Beginner Figure Drawing Fundamentals - Dynamic Poses, Bending and Twisting | JW Learning | Skillshare

Beginner Figure Drawing Fundamentals - Dynamic Poses, Bending and Twisting

JW Learning, Drawing the Body, Head and Hands

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11 Lessons (1h 12m)
    • 1. Trailer

      0:36
    • 2. Recap / Dynamic Forms

      3:05
    • 3. Squash, Stretch & Twist

      6:01
    • 4. Demonstration 1

      5:01
    • 5. Demonstration 2

      2:56
    • 6. Demonstration 3

      2:56
    • 7. Three-Quarter View

      3:08
    • 8. Demonstration 4

      3:04
    • 9. Warm Up Notes

      1:07
    • 10. Timed Drawing Session

      22:17
    • 11. Timed Drawing Demonstration

      21:56
65 students are watching this class

About This Class

In this lesson, we'll continue on from our initial discussions about Gesture and Construction by covering the topic of Bending and Twisting our forms, and looking at how to go about measuring the all important Three-Quarter position. 

Continue learning with the follow up lessons: 

Figure Drawing Series:
Lesson 1 - Gesture and Construction
Lesson 2 - Dynamic Forms
Lesson 3 - Construction of the Body Parts
Lesson 4 - Proportions  

Head Drawing Series:
Lesson 5 - Constructing the Head Part 1
Lesson 6 - Constructing the Head Part 2

Transcripts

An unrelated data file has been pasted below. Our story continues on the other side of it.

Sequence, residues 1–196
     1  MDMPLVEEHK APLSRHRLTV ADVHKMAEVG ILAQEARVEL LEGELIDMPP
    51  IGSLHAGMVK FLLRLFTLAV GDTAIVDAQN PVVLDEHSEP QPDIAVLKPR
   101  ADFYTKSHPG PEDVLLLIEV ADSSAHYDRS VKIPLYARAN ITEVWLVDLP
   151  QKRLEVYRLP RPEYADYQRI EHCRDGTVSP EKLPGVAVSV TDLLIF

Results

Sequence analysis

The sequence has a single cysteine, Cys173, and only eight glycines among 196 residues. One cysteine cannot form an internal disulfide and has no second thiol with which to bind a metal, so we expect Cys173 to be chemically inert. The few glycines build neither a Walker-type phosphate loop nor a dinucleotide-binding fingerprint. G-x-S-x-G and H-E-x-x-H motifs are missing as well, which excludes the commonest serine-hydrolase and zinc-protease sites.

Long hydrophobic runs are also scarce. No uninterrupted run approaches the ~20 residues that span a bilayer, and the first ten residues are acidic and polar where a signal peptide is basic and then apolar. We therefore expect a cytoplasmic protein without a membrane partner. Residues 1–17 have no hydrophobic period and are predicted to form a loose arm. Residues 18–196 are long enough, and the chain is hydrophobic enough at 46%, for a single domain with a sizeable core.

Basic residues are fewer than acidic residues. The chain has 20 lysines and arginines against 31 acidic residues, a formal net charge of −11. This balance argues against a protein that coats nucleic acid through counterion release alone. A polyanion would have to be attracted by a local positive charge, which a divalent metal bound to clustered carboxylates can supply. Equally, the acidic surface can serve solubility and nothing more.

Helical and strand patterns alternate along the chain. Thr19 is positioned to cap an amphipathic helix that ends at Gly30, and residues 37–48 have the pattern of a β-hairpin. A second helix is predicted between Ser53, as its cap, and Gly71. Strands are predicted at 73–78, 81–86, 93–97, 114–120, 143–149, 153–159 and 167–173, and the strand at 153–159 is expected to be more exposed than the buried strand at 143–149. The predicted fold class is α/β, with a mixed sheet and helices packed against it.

1. Trailer: in the last video, we talked about the fundamentals of figure drawing. We covered the topics off gesture and construction thief, fundamental design lines, positioning. We covered a whole lot. Now it's time to take this a little bit further. In this lesson, we're going to be learning about how to take out construction pots and make them more dynamic by applying, bending and twisting. We'll also look at the whole important 3/4 position, so rabbia pencil and paper and let's begin. 2. Recap / Dynamic Forms: Okay, So before we talk about twisting and bending our construction parts, let's just to recap off what was learned in the previous lesson. In the last lesson, we went over the concept off gesture and construction and what those terms main in the context of drawing figure. We defined construction as the individual parts of the figure, or another way to look at. It was the movement across our forms, and we defined gesture as three relationship between those parts or the movement those parts are making together at the most basic, we ultimately defined gesture as curves and construction as corners. We also looked at position off our forms and said our forms weren't really complete until we knew where they were leaning, tilting and facing in their three D environment. And it's here we want to pick up from when it comes to bending and twisting our figure into dynamic positions in order for us to work at how we go about bending and twisting the figure we need to go back to positioning and, more specifically, the facing dimension. The facing dimension is relatively easy for us. If we only have to worry about drawing the figure from the front or the side. There's not gonna be much good. Tow us if you want to be drawing that superhero character, punching the bad guy or that lovely pose of the woman reclining on the bed. We have to look for dynamic poses in that car be achieved unless we know how to manipulate that facing dimension. So we want to be able to draw not just the front, the back and the side profile. We want to be able to draw that dynamic 3/4 view and everywhere in between. The problem we have when it comes to the facing that mention is we naturally push out poses to be either front on or sign on. This is because for most of their lives were only ever taking notice of things from either the front or the side, brushing your teeth, brushing your hair in the mirror, looking to that person next to us, addressing a crowd of people. Even art books usually have their anatomy diagrams from either the front or the side view. So our minds are really geared towards seeing things in a rather binary and non dynamic white. We are really taking notice off the position of the body at its most dynamic. So we have a tendency, as we're starting out to push that 3/4 pose, to be either more front on or more side on, which ends up stiffening out, drawing up. So let's look at some ways that we can combat this to really push thes poses to be as dynamic as possible. 3. Squash, Stretch & Twist: so as was mentioned when we started out drawing out dynamic, twisting, bending poses when naturally going to want to straighten out, figures to be either more front on or sign on. So when we see a pose like this, when naturally going to be thinking of this and what will end up with is something that lends somewhere in between that beautiful, graceful gesture line that fundamental design line, the line that defines our action, that initial foundation we put down gets lost because I'm binds a telling us to reposition the figure in a way that our eyes they used to. The result is our drawing White Bend or twist Aziz much. It won't have as much depth. And once we put muscle and drapery over the top of it, we'll lose even Mawr that just to rhythm. So really going to have to fight this instinct into bending twist our forms more than what we see. The main area this will relate to is the core of the body, the torso in the hips, as this is our main area of movement. So let's break things down a bit. First thing we have to start with it or to fight. This instinct is to use what's called the bean form, which is essentially two forms in relation to each other that form the shape of a bean, which is a great representation of what a torso looks like. We can either draw the bean form as a whole or broken up into its two forms. The bean form is unique in that at any time, one side of the form is going to be further away from the other side. This is cold stretching on the opposite side. The forms were going to be close together. This is called squashing. So if we do an experiment on ourselves, if we hunch out, backs over the front of our torso is going to be squashed closer to our hips whilst Outback will stretch as a result of that movement. So we have a natural squash in a stretch happening here, and the opposite will happen if we are shellback. Our bodies have built to do this in order for us to remain bounce because our anatomy is naturally curved. If that balance didn't exist, we would tip over. So we'll have this consistent expansion and compression happening in our bean form that can be manipulated to out needs. Now, if we look back at our previous lesson on gesture, we can see this particular form has a natural, long access line for us to start with the great we make that long access curve, the more compressed the opposite side of the form will be. And if we take it back to the idea of the being being two separate forms, we can once again use out pencil test to help us know which direction both of those parts are in squash and stretch really represents the leaning and the tilting positions that we talked about in the los Listen, this idea doesn't apply just to our bean form. However, it applies to any form we can stretch and squash any form using the exact same principles. So we've defied what s squash and stretch means and how that relates to the leaning and the tilting positions. But we haven't yet talked about the facing position we have to add in. Twisting for that twisting means that not only can the two forms that make out being faced the same direction together, but they can also face directions independent of each other. So what this means is that out being construct facing in one direction and end up facing another? This is what's known as Contra Pasto, which means opposite positions. So how do we go about working at out twist? If we look at the example, we can see our two forms of facing away from each other and we need to connect these two faces. If we connect the scent across contour lines of each form, we get an s shape. A twist will always have this s direction flowing from the center of one form into the other. From there, we want to take the corners off the front, most facing flat shape of one of the forms and connected to the corresponding corner off the other, following parallel to that center line following the same s direction or we have to do that is connect outback corners of the form to the corresponding back corner of the other. And that's how we twist out forms. Now notice if we go back to our lesson on overlapping what's happening here? When we stretch squash and twist our form, it ends up overlapping itself and you can tell by these gesture lines moving from one area into the other. Which part of our form is positioned over the other? Without this talk of manipulation of our construction forms, our figures won't ever reach their full potential. So we have to be aware of what our mind is telling us to do, how it's telling us to make the post look like something we're more comfortable with and to fight those natural instincts in order to keep those initial fluid gesture lines intact. So now that we've got an understanding off, how to stretch squash and twist our forms and how we go about combating out natural instincts, let's move on to some practical work. 4. Demonstration 1: okay, we're going to start putting down our gesture lines L long access curve or er, stretch down on one side, which is naturally going to result in a compression or are squash happening on the other side. Now we're going to cover a little bit more about this in the future, but just a small note ahead of time. Even though we are talking about dynamic forms here, the body itself is always going to be naturally in a position where they were going to be opposing actions happening throughout. So there's going to be a little bit of science involved that we're going to have to look at in a bit more detail in the future. But that's going to be for another lesson, which will start covering in more detail in Lesson three. You might be able to see already, though we've got some of these opposing actions happening already. We've got this be expansion on one side in a very compressed area on the other. In fact, these two components actually merge into each other as stretching action turns into a squashing action and esque washing action turns into a stretching action. This patent off expansion and compression is happening all throughout our body. If we didn't have this patent off compression and expansion in our figure that we were just simply to Bobo, these opposing actions help us balance. You can see in far better detail on the profile of the figure, but again, we'll cover that in a few listens time. So I got my rough being shaping place. But now it's time to develop this a little bit more. First thing we have to think about is the position off the rib cage and the pelvis. Got this twisting action that's happening here, but we need to figure out these positions first. The rib cage area is pointing up in away from us, and the pelvis is positioned a little bit more towards us. So now that we've worked out the rough positioning of these two areas, we can start to think about the twist that's happening now. The reference image only has a little bit of a twist going on, but I'm gonna push it a little bit more than what we see here. So I've made a couple of rough markings he to indicate where the center lines are going to be from my two construction parts. We could see here in our reference image roughly where that s shape starts now. Obviously, we've made ours a little bit more dynamic, So out of shape is going to be a lot curva. When we start coming over the top with our clothing and our muscle structures, those gesture lines are going to start to disappear. So it's going to be super important for us to actually push those rhythms a lot more than what we initially seen. Our reference images don't be afraid to push that pose more than what you see to exaggerate things, make that pose more twisty up more Binya. It's going to bring a lot more fluidity and lost your image. We might not be adhering to the literal truth of the image, but as long as aware in the ballpark, as long as we are capturing the essence off what the poses saying and that's perfectly fine is the figure moving in similar direction, capturing the same top of feel than that's great. That's ultimately what we're looking for. So I'm going to put a little bit of structure in for the legs and head, not too much because we're really going to be focusing on the torso. Now. One thing you may have noticed as I was drawing this is how have actually gone about during this tour. So I started with some gestural rhythms, started building up some construction parts, and now I'm going over the top again with more gesture rhythms to try and help loosen this up a little bit more. This is how we start to go about refining our figure. We started with initial big gesture and construction, all pieces. And now we're starting to work into smaller, gestural and construction pieces, working from big to small from the large area of the torso all the way down to the fingernails. The process is going to be the same. So one area where people may end up getting a little lost with twisting the poses is actually figuring out which of the areas of being overlapped. A good general guide to follow is to look to the part of the torso that is closest towards the viewer in this case, our rib cages positioned in a way that is twisting up and away from us. The pelvis is positioned a little closer towards us, meaning it's going to be overlooking the rib cage slightly. The folding, the creases being formed by the skin and the clothing are more often than not going to it. He to the part that is facing towards are small. So look for the area that is closest towards the viewer as a guide to figure out which part is overlapping, which squashing and stretching is really just a nother representation, off gesture and construction. We've got out long gesture line, which automatically creates these overlapping components and overlapping refers to construction. So whenever we stopped bending out forms, we get automatic gesture and automatic construction. So let's consider this demo done and move on to another. 5. Demonstration 2: right. We're moving to a farm or twisty opposed for this one now out rib cage, part of their torsos tilting ever so slightly towards us. So that means it's going to be the one that's overlapping a little bit more. And as we put in the our foundations here for this one, what we're going to see, actually, and this is a pretty good examples. We're going to start seeing more folds increases being created, the more we start to bend into stale forms. We are generally going toe, have some sense off compression and expansion happening, that sense of pinching and binding in birth, a more relaxed state as well as a Farmall dynamic state. So I've bean shaped foundations in place. Now start to just define the rib cage and poets area positions a little better. Our rib cages positioned a lot closer towards us whilst her hips are moving away from us. So we've got a really nice, twisty, dynamic pose here, so I'll start to building now two separate parts of their torso. Now you don't necessarily have to do this, but if you're just starting out, it's actually not a bad idea to sort of work with both the being foundations and are two separate parts foundations. Just to get a sense of really how things are constructed for our torso, the more we look at the torso is being two separate independent areas, the greater our dynamic poses can become. What happens when we started out as artists is that we normally fused these areas together . We don't keep them separate and, as a result, opposes tend to end up looking very mechanical. It's stiff, so the more we can get it into ahead that these two areas work independently from each other, the more dynamic we can start to make out poses. We can push it to such an extreme way. The folds and the creases that end up happening due to the construction being formed team start to become more and more noticeable. The more we really start to stretch those gestural foundation is, the more things are going to start bunching up on. The pinching side will start to get ever more folds in ever more noticeable creases. But we're not always going to need that extreme. Oppose. Yes, it's always good to have nice, twisty poses, but sometimes we just need something that is a little more subdued, but we're still going toe have that sense of expansion on one side in compression on the other. So either going to have a really strong level of squashing or compression happening, or we're going to have something that is a little more subtle. How subtle, or how strong those pinching folds are are ultimately going to be up to you, or we need to do is remember, our gesture is on air stretching side and s question is, where are construction is happening After that, the choice is up to us. How we go about manipulating that. Okay, let's move on to another demonstration. 6. Demonstration 3: all right. We had a nice, twisty pose in the last image, so we're going to do something that's a bit more relaxed. She's stretching out a little bit here, but we're not really getting any twisting sort of sensation here. So it's a much more subtle design that we're going to have to create for for this image. But we still want to just exaggerate things a little bit. Mawr without initial gesture foundations. I'm going to push this front torso part to be a little more Kerr via than what's actually here. And the reason for that is once we start adding in our muscles or wear fabrics or Dre free whatever's going in over the top of these initial foundations, we're going to start losing that gestural rhythm. So it doesn't really matter too much. If we are working with something that is a very dynamic pose or something that is a bit more subtle, like this one. We still want to ensure that we are pushing those gestural foundations a little bit more than what they need to. If we were designing a character in some type of armor, if we start out, pose off with a very stiff and mechanical looking pose. When we start adding in that armor or top, it's going to make things look even more stiff and mechanical. So this is why, even if we're dealing with a very subtle pose similar to this one, we just want to push the curvature off those foundations a little bit more. So just defining these shapes of the rib cage a little bit more, getting that forming, placed, really trying to feel my way across here and get that sense of form we're using this pretty simple cylinder shapes here. At this point in time, we can go about this a number of different wise. If we wanted to, we can really start adding in a sharper corners, he and more boxer structures that's going to help us get better idea of way things are in three D spice Now. The idea is that we've gone over in this lesson. We've talked mostly in relation to the torso, but they're also applicable to other areas of the body. So let's just drawing a little bit off the glue Deol areas here and her lower leg, and we'll start to see that the ideas of squashing and stretching, also applicable to other areas of the figure as well. Any area where there's going to be some type of joint involved is more often than not going to result in a sense of expansion and compression, a sense of stretching and squashing, as we've seen in the torso. So we can see he in this sketch. We've got our big gesture here without leg creating that big stretch, which is resulting in her glutes compressing in on the leg. So the same thing that's happening in her torso is also happening here in her up Allegan glutes. We've got that bean shaped, that compressed and stretched area that's being formed, and this is going to bring true for just about every jointed area off the figure. We're going to usually have one area that feels like it's compressing and one that feels like it's expanding. So our squashing and stretching is not just going to apply to the torso, but other areas as well 7. Three-Quarter View: So let's now expand upon what we've learned so far when it comes to making out forms, being more dynamic and move until looking at the figure from a 3/4 perspective, the 3/4 position of the figure is going toe. Offer us the most interesting options in the drawings, but it's also tricky to get right. So we've got a little bit of a challenge here because a portion of the figure is going to be facing towards us more than the rest. But we've got a pretty decent guard lawn for ourselves in our front and out back. If you remember in the last tutorial, it was mentioned briefly that one of the ways to look for our fundamental action line, the line indicating out movement is in the center of the body. We're going to use the body's natural centerline to help measure. Now. The easiest way to figure out the measurements is to look to the shortest site. So, for instance, if we're drawing this 3/4 view of the head, we would look at the natural centerline in the face is a starting point. Look at how much we see on the shortest side and then measure how wide the longest side is in relation to that. If we measure from the long side first, we risk making things too wide on the short side. So always do your measurements from the short side. Now I know what you're saying. This is all well and good for the head and torso. There's a natural center line he that we can use to work at the position. But what about the arms and the legs? Well, you're right. The arms and the legs that have a natural center line, there s symmetrical body parts. So what's happening on one side of the limb is not happening on the other side. So what the hell do we do about this? Well, if we got back to our previous tutorial where we talked about gesture, we're going to have to go back to those foundations because the limbs don't have any immediate 3/4 view, and it's going to be too difficult for us to find one. So we need a work around, and we're going to do that by looking for our gestures and l longest possible curve lights . So here's a short cut that we can use from the side arresting arm curving towards the torso from the front, it will curve away from the torso. So in a 3/4 view, now I'm will land somewhere in between. For the legs, the side profile of the legs is shaped like an s. What's the front perspective of the legs is shaped more like a bee. So again, a 3/4 perspective will result in something that's a combination of the tooth. We'll go into more detail about the limb structure when we get to studying the individual body parts at a later date. But for now, this is a general guide to start with. So now that we have some knowledge about how we go about positioning out forms in the 3/4 perspective, let's move on to another practice session. 8. Demonstration 4: Okay, so let's look a day, 3/4 demo. Now the first thing we want to do with their reference is to get out centerline down. So just draw the line from the top of the head all the way down to the crotch area. And then we want to indicate the narrowest part of their figure facing away from us. And then Teoh indicate the narrowest point that is closest to us. From there, we can simply measure how many times wide up the longest ideas compared to the shorter side . So in this case, the side closest to us is five times as wide. So now I'm going to start sketching in with those measurements in mind, our first just going to block in some rough shapes for our pose. Now, I'm going to do this in a more structural way because sometimes there are gonna be poses that you come across where it's going to be more beneficial to use construction parts first and then put gesture over the top and 3/4 poses can get tricky sometimes. So I've got my rough bean shape in place. So now I've just got to draw my center line in and then lightly marked the measurements that we made earlier. So now I've got my measurements in place, and now I can start to build on top of my figure. So as you can see, I was a little off here with my first construction line, so I just have to adjust it. And that's the beauty of proper measurements is that you can get far more accurate now, if you remember in the los tutorial lesson where we were talking about the connecting lines , the point where out construction pots intersect with the gesture at its narrowest point. We're essentially doing that. He we've measured the narrowest points, and we're building out from that. It's the same concept is what we learned in the last lesson, except which is doing it far more accurately. Once you become used to the idea of working with the 3/4 pose, you'll be ableto eyeball things a lot more. You'll train your eye to identify the body center on far more easily, and you'll be able to calculate the measurements Morning haid. But when you're starting out, it's always useful to actually put the markings down first, and you can always erase them afterwards. So I'm reasonably happy with how this construction is looking at the moment. So I'm just gonna loosen it up, putting some gesture lines over the top. So remember, your construction will stiffen things up. Your gesture will loosen everything. So now that we've done a few demos on twisting and bending and 3/4 views, let's move on to the time drawing sessions. 9. Warm Up Notes: Okay, So before doing some time exercises, let's just talk about warm ups for this session Now. Last lesson. We talked about using objects in your environment as references for your basic forms. Your boxes, your cylinders, annual spheres. Now there's plenty of those options around for most people, but when it comes to something that's bending or twisting, the options are usually pretty limited. A pillow is one option, but the issue is that it doesn't stay in place for very long. So one option to use is to actually get yourself a small piece of modeling clay. Now, I don't expect anyone to have that on standby right now, so I've included images off twisted modeling clay in with the class references for you to practice with. Now you can usually get modeling clay pretty cheaply for a couple of dollars at a local craft store, so I would highly recommend having some of that on standby and being able to twist and turn it and bend it. However, you need to for, well, drawing warm ups. So use those images for you warps from now until you get some modeling clay, and once you've warmed up, move on to the time to practice session 10. Timed Drawing Session: - Theo . Uh oh . Uh, you hear all right, - for have a I mean, you know. 11. Timed Drawing Demonstration: Let's get going without Tom drawing Citian. Now, we're starting off with a pretty simple one at the moment just now. Torso here, talking a little bit away to the side. So that was good to just start with something a little bit simple to begin with and start working your way up to the more complicated poses. The rib cage is talking just a little bit away from us in this image, you just have to make note of that. We've only got two minutes to work with those, so we'll just get as much as we can get done these two minutes. We don't want really Russia way through the image. Even though we've got a time limit, it's going here. It's better if we just get as much as we can down in that two minutes or five minutes. Or however long we put that timer on for then trying to get everything down and Russia way through it. So we just need to slowly build our way up to these just just in these construction pots. It's a little bit of the legs in here. Develop these a little bit and we can see in a relatively short period of time, just how much we can actually get down. We're just using simple shapes. As we learned in Listen one. We are focusing primarily just getting basic shapes, the basic ideas of what this tour. So it looks like for us. Well, these arms are these legs. The basic bean shape that we've gone over is more or less the sort of go to default. Show that we can use three our torso. But we can also go with other shape structures as well. We could use a couple of egg shapes. We could use a couple of boxier block shapes. We get end up using the whole cylinder for the entirety of their torso. So I've got a few options here, and a lot of it is going to depend also on exactly what position figure is in. So we're going to find that maybe using the being shape is gonna be beneficial for one pose . But another pose. It might be more beneficial to break two components of rib cage and pelvis apart, so we're going to have some options along the white, and it's really going to all come down to what you most comfortable with your probably find that you'll lean towards particular shape more than others. Okay, on to a more stretchy a pose a little bit more of our full body action going in this one. No, it's rhythms going on here. Start to develop a little bit of the head here first. So the neck is also another area where we're going to get a lot of twisting actions as well . So we talked earlier in the lecture that it's not just gonna be the torso where the's compressing areas that happening with the stretching areas that happening, these twisting areas as well. We're going to get other areas off the figure that are also going to end up stretching and compressing and twisting as well. So it's not just going to be the torso, even though we've primarily focused on that. For this, listen the same ideas they're going to run true for most of the other jointed areas off the figure net, you might have noticed I've not put down the entirety of the torso. That's because I'm just kind of working my way down in this instance. We don't have to get the whole main structure of the force. I don't. First, you're sort of working my way down from the head to the rib cage and eventually to the pelvis and probably going to use most of my time up just working out the construction of these two areas. Um, probably not gonna have any time to really develop any arms or legs to go with this Now. What you might see here is a little bit more of a compression happening in the skin compared to the last image. And that fall in the skin is really going to know only help us define which area off the torso is overlapping the other. But it's also going to help reinforce the three dimensionality of the torso itself. So any time we're going to get folding either skin or clothing, it normally means we're going to get some additional sense of three dimensionality that's being formed. We talked about cross contour lines in less and one how they take out two dimensional shape and convert them into a three dimensional form. Give us that sense of depth and dimensionality, and these folds increases will do something similar. So when things like this start compressing, we start to get natural cross contour lines developing, which is great because the more areas we have, which reinforced the three dimensionality of our figure, the more successful out illustrations are likely to be. Okay, let's move on to our next one. Another nice, twisty pose for this one almost looks as if a moment in time is being captured. So trying to see if we can replicate this is best we can. The action in this poses kind of causing her abdominals to be stretched a little bit more defined. That's also going to give us some great Marcus to look for a swell. We're very fortunate in at least the torso, part of the human figure, out where we've got these natural sort of center lines that that happened in both the front that back. And when we start to twist the twist, the body around they can start making these really rhythmic gesture movements. They're going to really help define which direction that rib cage is actually positioned in relative to the pelvis. So it's not just gonna be the folds and creases that helped to define things for us. It's gonna be areas like the abdominals it's gonna be the indentation on the back with spine ease. They're gonna help us figure out where things that being constructed have been bending and how they're twisting, and we'll see the same thing happening in the clothing as well. We've got a character with really tight form fitting clothing on what we start moving a body parts around. We're going to start seeing those stretches and those compressions happening in those twisting motions within the fabric itself. So it's these type of additional markers that we're going to have to look out for. If we have to exaggerate these markets is, well, then that's perfectly fine. Anything that helps to really get the point across to the view up that that rib cages twisting away from the viewer. Then we simply put it in. If that means we have to put in additional S curves that we have to put in additional compression areas if we have to make that torso look as if it's stretching a little bit more than what the image says. If that's what we need to do to get the point across, that we're looking at something three dimensional that's moving in a particular direction. Then we just simply do it or I don't wear next image. But she's on the ground now, really tilting back in a torso. So I'm looking at this image, and I'm thinking to myself, really want to get that big gesture for the front part of that? To also get that in there first and then start to develop. The other two areas could very well just use an entire bean shape for this pose, the tendency to lean a little bit more towards breaking up the torso into its two parts. But again, it's all going to come down to exactly what pose you're working with. We're all going toe have preferences as to how we approach each of the body parts. But we should also have sort of back up options as well. We shouldn't really be beholden to that being shape or those egg shapes or whatever choices we we go about making so test out different shapes for not just the torso but other areas as well. See what works best for you. If it's a cylinder shape, form or boxer structure, then try that out. You may very well find that a cylinder shape is the best option for this torso constructing this whole areas. One big soon die flattened cylinder shape that's twisting away from us. So definitely try different things out. Try different shapes. See which combinations worked well together. More tools we have at our disposal. The more challenges that we can overcome. Just looking at this pose now I may have pushed this a little bit too far Back. Might have a little bit too much compression happening compared to the image, but that's been a mistake to make them having things being a little bit too stiff. It's going to sacrifice a little bit of the realism. If we were going for something that was farm over still life image, then we probably do have to be a little bit careful of half while we push things. But sometimes we have toe make a couple of sacrifices just to get the point across. We could probably render this is a realistic image, and most people probably wouldn't notice that she's bending a little far back more than what the average torso can so always lean Teoh. The more dynamic to the longer to the more gestural approach than being quite so literal. So on throughout next image view from the back, this time just going back to what we were just talking about pushing things. If we doing more realistic images, of course, we're not going to necessarily be bending our torso and arms and their legs and other areas , too, you know, ridiculous lengths. Otherwise, it starts to get a little bit too cartoon yet that at that point, But if we are doing something like animation, for instance, then that's actually going to be very beneficial. What you'll find with animation or specifically, traditional hand drawn animation, is that the artist will often exaggerate the characters movements two, ironically, make them look a lot more believable. There was a draw, Micky Mouse or Bugs Bunny, or whoever it was in a way that is more representative of what happens in real life. Then, finally, enough, the characters will start to look not nearly as alive and believable as what they do when they exaggerate the poses, and they do the same for inanimate objects as well, in order to bring them to life. For instance, the carpet in Aladdin or the household items in beauty and the beast. They'll exaggerate those movements of those inanimate objects to make them look at life. If they animated the candle from Beauty and the Beast in a more logical way, that you would probably assumed would happen in real life, then the character, ironically enough, would just never move correctly. It would never feel as if it's alive. It just be the certain mechanical stiffness to it. What we're trying to do here is something very similar, you know. The difference, really, is that we're trying to kept this in a single frame. So in many ways, we've kind of got a little bit of a more difficult task ahead of us than what the animators do because they've usually got about 12 or 18 frames to be able to create movement. We finally got the one, but how far we end up pushing that movement is ultimately going to depend on the style of drawing that that we're trying to do. All right, let's consider this one done and we'll move on to our next image. Right, So we've got the first of our five minute poses here. Avery Very cool, actually. Pose here. So a little over twice as long to work on this one a little over twice as long to make a whole bunch of errors as well, says a bit of a trade off. So our torso isn't twisting all that much in this one, but we do have a lot of do. You have a lot of compressed in stretched areas that are happening throughout the entirety of the body We've got the torso is almost most one big shape for this one, but we've got the arms and the legs creating those compressions and those stretches. This is what I like to refer to us. Sort of a comic book, e type of posed the action shot of the heroin coming toward us. It's Wonder Woman on the cover with less so in hand charging towards the viewer. You know, we wouldn't do this type of parts of you doing a still life. So this is a good example, actually of wear exaggerating things further than what we wouldn't real life would come in handy. If we're doing sort of comic books styles of art, then it's almost like animating in a way because we really want to get the sense that you know the Hulk is smashing through that wool suit. Man is throwing that punch at at Brainiac or whoever it is. So comic books manga, that's all about really does lend itself to dynamic poses and dynamic action sequences. We can also get a wife it with doing something that's a bit more realistic. Maybe we're doing some type of Frankfurt set a stall fantasy piece with the Barbarian with the big sword in hand, charging at the dragon or great beast or whatever it is he's fighting. There are, of course, going to be times where we actually might need Teoh stiffen things up a little bit more for our characters. Maybe we're doing some type of soldier. Who's that? Attention. We really want to get the point across that this person that this character is very stoic and very hard to knock down. There's some type of, you know, guarded attention or something like that. So there are going to be instances where we are actually going to have to step in things up a little bit more, make things look a little bit more mechanical. We're doing some type of rival android type of character then it's going to make a lot more sense. Toe have a lot more straight lines. Have a lot more rigidness, too, to the structure of the character. Overall, if the characters a lot more organic in nature has a lot more curvature going throughout it , then that's where we're going to start leaning towards thes these twists in these bends and really emphasizing them a lot more than what they need to be. So I'm looking at the image that I've drawn out. I've probably made the upper torso a bit too straight. The feeling that I get looking at the reference images that she's actually hunched over a little bit more. There's a little bit more of a curvature that's happening here than what I've put down. But overall doesn't hurt the image too much, but it probably sacrifices a little bit more of that fluidity. If I was working on this a little bit longer, I'd probably just erase all that pot and just start to bend things over a little bit more, just to really emphasize the the feeling that she's, she's about to attack the viewer or she's about to attack the villain. What a story you want to put towards that image and storytelling is essentially what we're trying to do here in one simple frame, one image. We're trying to tell the story off that character charging towards something, or maybe she's running away from something could very well be a case that something's chasing her in the distance, and she's desperate to get wife from it. And if we don't emphasize the movements enough, then that story is never going to truly shine through. It's not gonna met up too much how much detail we start putting over the top of it. We could make this look beautifully rendered, but if they are dynamic forms don't look quite right. Then it's not going to matter too much how well branded out character is or what other elements we put in the environment. So this is why pushing that leg or making that torso curve a little bit more over is going to be far more beneficial. It's going to be way more beneficial if we push up curves, make our compressions a lot more strong than not doing any of that. If we take things too far, we could always take it back. So always linked to doing things a little bit over the top to begin with and then, if need be, bring it back a little bit. So it's probably a little bit too conservative with this reference, but we just live in, learn from it. So it will consider this one done, and we'll move on to our final five minute image for this lesson. All right, Andrea lost one. Got a lot of twisting in a lot of movements happening here. Got some twisting happening with the raised legs. Well, so it's not just the torso that we have to be concerned with for this image is quite a complex one, actually. So I'm just going to slow down with this one, and so I just feel my way through it. We have to rush, even though we've only got five minutes up their sleeves. We are just much better off just taking out times and just slowly analyzing things, getting that s rhythm, for instance, correct first and then start to build up construction. And now pastor overlapping each other. I'm feeling that the being in shape is the best way to approach this image. The tools I feels very much like one big shape. So going to stick with the bean shaped for this one. Just build from that. This is what a good idea to have sort of back up options available. We can have our being shape. We can get our two separate shapes, you know, boxes or Boesel cylinders giveaway want. It's putting a little bit of this arm work here, the arms also doing some bending and twisting as well. We'll go over the arms and legs in the other areas in more detail, and the torso is well. We've talked a lot about it, but we actually haven't talked much about its overall structure. The upcoming lessons will be delving informal detail for all this stuff that's developing helps a bit more, more or less got the torso in place. I can stop thinking about constructing these legs now. Now the leg that's raced towards us is going to be a little bit difficult, so normally I would use a cylinder shape for this, but I'm probably gonna have to change it a little bit too more of an egg shape just to get the just get the basic feeling right This is another good example of way having those additional shapes in the back of our toolbox. They're going to come in, handy says. You can see I've got a pretty basic cylinder shape for the left leg, but the one that's raised it's going to require slightly different approach. It doesn't necessarily make a great deal of sense to simply use a cylinder shape for this one. It feels just a lot more a normal egg shape in this perspective. So we need to have a little bit of flexibility. He with their forms and with their gestures, just gonna start doing a little bit of detail work here for the last couple of minutes. I feel comfortable enough at this stage that I've got enough foundations in place where I could actually start to put these more detailed areas of the top, start bringing in a lot more of these gestural rhythms and start building up a lot more of these instructional parts. We don't want to dive into early with their detail ing that is usually the fun part of the drawing process, but we really need to ensure that our foundations that are in place first there are gestural foundations. Our dynamic pose foundations are strong enough first, before we start diving headfirst into doing all that fun stuff. So as we start toward this, listen down, I hurt. This lesson has been of benefit to you. If you missed Lesson one are highly recommend going over that one. First, it's going to go over a lot of the same ideas that we've covered earlier on in this lesson in far greater detail. The reason we haven't thrown all of this information to you about bending and twisting and gestures and construction. In what lesson is that? It's simply a lot to cover. What us artists are trying to do here is very complex. We're dealing with something that has a lot of moving parts to it, and as such, it's very easy for people who are just dining out to get completely overwhelmed with all the information that is being thrown towards them in less than when we talked about how we go about thinking of gesture, how we go about thinking of construction and now listen to we've taken it to the next level where we can start to think about manipulating those two ideas to our needs. We're taking it one step at a time, building up our knowledge, slowly building up that database and working out for ourselves a process which, in the long run is going to make the drawing process a lot smoother for us. So practice along with these time drawing sessions is often issue new two or look for your own images as well. Set your own timers or just draw for as long as your heart is content. The timer is really just there in order for you to make a decision. So if you need to turn it off and just work at your own pace, by all means do that. So as we wrap this, listen up. If you have any questions, please feel free to awesome in the discussion section below. And if you want feedback on your own sketches, feel free to post them. Make sure you push those poses to make them bend and twist as much as you can, and when you're ready, feel free to move on to listen. Three. So until then, Breck Assad and practice often